Saturday, June 9, 2007

If You Build It (They) Will Come

Lately I am reminded of the words, "If You build it, he will come" from the movie Field of Dreams, but these days it has little to do with baseball in Chesterfield. In my mind, it has more to do with planning and growth in the county. According to estimates we are expected to build some 10, 000 new residential lots in Chesterfield by the end of 2007. By "new" I mean those yet to be zoned for such use but have been asked for in plans. In addition to the new lots, there is also still an inventory of over 40,000 lots in Chesterfield that are currently ready for development and have come through the planning process successfully but have as yet been built upon.

In listening to the main stream media reports regarding the economy and national home sales it appears as though Chesterfield will have a surplus of inventory by years end. In fairness, Chesterfield and the Metro Richmond area has continued to beat the national average of homes sales/starts for quite some time, however some have expressed the view that the peak in the market is well behind us. For the record, I am not a real estate expert. That said, however, what I see at least in Chesterfield's Midlothian district is home sales are appearing to slow way down. I say this because as a long time resident in the area I have seen homes sell extremely fast the last two years but now are staying on the market much much longer.

Another aspect is the fact that sellers are reducing their home prices for the first time in years. I have seen a property located in the James River High School area reduce its selling price twice already, where early last year the home would have sold above the original asking price fairly easily. This trend is a by product of changing market conditions and above all else inventory.

The more inventory that remian for sell and longer it takes to move said inventory the lower prices will become. We have seen this before at brief period in the markets housing history. The looming challenege however, is the fact that the County is experiencing large growth in "New" construction. In the end this to could effect existing home sale values and the number sold in the coming year.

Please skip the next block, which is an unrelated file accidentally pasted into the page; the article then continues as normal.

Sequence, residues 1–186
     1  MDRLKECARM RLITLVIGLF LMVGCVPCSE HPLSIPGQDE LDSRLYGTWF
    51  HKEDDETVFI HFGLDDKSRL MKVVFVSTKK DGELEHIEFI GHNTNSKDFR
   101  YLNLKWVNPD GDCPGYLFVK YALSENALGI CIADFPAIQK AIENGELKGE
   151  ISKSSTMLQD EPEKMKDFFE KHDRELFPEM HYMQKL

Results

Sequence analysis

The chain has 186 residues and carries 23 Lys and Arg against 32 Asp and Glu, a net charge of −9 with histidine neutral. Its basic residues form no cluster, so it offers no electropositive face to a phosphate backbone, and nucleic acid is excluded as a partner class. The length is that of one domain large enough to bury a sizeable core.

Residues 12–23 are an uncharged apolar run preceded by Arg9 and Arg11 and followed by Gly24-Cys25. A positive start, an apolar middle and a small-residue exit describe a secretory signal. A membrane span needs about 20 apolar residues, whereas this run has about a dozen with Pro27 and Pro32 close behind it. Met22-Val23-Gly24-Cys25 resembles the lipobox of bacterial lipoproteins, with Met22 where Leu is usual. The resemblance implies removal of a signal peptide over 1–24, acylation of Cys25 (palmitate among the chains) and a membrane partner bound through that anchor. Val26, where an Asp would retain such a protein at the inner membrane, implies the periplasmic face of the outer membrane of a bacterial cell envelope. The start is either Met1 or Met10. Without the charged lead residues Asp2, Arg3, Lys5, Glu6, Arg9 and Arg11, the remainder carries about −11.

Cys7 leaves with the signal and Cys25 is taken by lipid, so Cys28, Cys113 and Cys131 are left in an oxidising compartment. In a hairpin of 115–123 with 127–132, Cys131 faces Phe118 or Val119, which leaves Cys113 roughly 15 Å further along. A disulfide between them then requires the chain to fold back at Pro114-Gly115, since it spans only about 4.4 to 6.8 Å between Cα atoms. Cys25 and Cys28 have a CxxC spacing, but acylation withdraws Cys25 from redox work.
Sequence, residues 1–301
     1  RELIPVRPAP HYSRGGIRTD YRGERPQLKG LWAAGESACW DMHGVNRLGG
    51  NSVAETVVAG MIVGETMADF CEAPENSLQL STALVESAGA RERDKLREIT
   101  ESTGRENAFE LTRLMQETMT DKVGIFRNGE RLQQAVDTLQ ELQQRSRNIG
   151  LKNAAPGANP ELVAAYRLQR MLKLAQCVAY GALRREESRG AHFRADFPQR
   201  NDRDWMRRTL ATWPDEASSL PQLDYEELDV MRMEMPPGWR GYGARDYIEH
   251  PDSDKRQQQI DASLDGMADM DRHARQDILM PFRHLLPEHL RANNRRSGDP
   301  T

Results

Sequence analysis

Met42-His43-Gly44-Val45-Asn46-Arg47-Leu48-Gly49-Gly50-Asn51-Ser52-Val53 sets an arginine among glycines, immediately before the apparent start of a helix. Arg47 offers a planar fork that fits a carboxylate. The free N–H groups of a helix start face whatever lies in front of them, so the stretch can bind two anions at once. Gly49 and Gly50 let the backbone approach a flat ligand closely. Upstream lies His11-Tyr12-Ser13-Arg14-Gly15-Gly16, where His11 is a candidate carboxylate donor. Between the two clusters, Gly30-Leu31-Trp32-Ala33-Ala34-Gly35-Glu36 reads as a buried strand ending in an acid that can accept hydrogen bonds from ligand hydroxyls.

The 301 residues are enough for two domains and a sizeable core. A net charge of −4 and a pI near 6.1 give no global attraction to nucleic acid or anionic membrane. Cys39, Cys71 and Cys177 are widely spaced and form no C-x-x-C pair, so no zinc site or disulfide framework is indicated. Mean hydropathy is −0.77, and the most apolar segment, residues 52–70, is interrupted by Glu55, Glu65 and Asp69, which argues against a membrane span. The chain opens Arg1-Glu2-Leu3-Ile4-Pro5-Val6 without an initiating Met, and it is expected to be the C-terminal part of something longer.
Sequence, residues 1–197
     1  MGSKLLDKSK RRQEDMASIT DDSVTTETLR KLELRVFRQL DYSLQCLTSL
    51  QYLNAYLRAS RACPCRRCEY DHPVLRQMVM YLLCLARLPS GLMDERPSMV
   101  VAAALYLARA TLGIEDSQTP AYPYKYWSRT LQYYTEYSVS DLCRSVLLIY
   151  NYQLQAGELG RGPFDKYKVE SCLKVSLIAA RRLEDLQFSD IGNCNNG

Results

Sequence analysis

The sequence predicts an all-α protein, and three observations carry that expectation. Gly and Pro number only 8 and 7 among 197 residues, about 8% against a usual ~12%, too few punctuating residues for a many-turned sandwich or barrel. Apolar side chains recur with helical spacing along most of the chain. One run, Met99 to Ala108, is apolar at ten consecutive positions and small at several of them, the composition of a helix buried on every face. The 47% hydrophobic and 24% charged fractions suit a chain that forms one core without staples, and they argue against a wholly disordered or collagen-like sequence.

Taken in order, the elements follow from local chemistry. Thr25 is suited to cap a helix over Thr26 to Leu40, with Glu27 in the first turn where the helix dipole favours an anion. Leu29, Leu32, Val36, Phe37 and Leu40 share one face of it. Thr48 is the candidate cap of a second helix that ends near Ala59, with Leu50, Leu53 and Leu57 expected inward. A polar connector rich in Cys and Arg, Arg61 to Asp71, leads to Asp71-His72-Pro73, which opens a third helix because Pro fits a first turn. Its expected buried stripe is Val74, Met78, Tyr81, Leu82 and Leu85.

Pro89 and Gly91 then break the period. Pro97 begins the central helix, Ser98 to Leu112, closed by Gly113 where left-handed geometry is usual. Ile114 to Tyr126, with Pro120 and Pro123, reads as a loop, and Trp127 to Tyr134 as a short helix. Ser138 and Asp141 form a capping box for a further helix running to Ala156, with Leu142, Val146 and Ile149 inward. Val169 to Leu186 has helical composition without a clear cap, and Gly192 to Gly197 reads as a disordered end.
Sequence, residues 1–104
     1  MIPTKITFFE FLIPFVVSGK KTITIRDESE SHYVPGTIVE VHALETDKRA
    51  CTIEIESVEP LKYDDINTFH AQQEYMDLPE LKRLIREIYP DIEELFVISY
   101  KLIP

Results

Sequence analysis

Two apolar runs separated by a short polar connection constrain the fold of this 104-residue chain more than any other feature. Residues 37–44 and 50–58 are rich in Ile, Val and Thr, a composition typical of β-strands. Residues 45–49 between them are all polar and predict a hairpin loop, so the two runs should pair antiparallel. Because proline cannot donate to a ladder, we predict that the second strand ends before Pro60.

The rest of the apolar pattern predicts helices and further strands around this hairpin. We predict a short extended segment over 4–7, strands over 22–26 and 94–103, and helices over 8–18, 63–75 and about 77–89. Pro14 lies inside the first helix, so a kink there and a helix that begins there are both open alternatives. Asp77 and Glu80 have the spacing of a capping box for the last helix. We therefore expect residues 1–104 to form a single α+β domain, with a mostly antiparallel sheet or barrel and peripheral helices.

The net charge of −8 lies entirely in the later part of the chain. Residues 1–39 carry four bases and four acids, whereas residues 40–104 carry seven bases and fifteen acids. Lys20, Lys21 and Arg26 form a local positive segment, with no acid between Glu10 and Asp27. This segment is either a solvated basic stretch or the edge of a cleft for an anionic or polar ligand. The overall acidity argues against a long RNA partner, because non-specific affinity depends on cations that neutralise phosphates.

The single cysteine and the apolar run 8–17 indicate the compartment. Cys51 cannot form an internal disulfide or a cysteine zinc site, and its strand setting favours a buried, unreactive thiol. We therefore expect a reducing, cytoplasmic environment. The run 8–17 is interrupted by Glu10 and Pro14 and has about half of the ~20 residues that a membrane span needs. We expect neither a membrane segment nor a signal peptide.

The biggest question most new families are looking at are schools and services. Lets face it, home values have not been a high priority per say largely due to the fact that a predominant number of new residents are coming to Chesterfield from the Northeast United States where home values are much higher. Chesterfield is seen a a great value, especially say to a family of four coming from New Jersey where not only are the values of their homes there higher, but their taxes are drastically higher than Chesterfield across the board. Simple speak: our cost of living is more reasonable and you get more home for your money. To continue a true growth reality, however, we have yet truly faced lack of schools and services to accomodate such new plans that as a county we have currently before us.

All that said. Chesterfield faces a tremondous amount of planning issues going forward with the new residential inventory that could be phased in. Setting aside all the commercial developments of the day, Chesterfield is looking at new residential communities such as Roseland (5,140 lots) Magnolia Green (4,886 lots) Branner Station (4,688 lots) Harpers Mill (2,392 lots) are the ones that are significant in terms of size and are currently in the planning stages. Of course all of these lots will not be built at once and will be phased in over the next ten to fifteen years, nonetheless all of the zoning in up for planning in 2007-08. These issues do not consider the vast number of other additional projects before the Planning Commission that incude areas of Swift Creek Village, lots along Lake Chesdin, and along the corridors of Route 360, Route 60 and down towards Chester.